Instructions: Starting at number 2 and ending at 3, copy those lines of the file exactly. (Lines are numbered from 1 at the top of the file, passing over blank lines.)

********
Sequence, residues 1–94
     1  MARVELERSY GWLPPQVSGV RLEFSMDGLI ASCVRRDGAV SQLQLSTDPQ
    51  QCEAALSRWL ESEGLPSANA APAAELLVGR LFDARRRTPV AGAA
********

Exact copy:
     1  MARVELERSY GWLPPQVSGV RLEFSMDGLI ASCVRRDGAV SQLQLSTDPQ
    51  QCEAALSRWL ESEGLPSANA APAAELLVGR LFDARRRTPV AGAA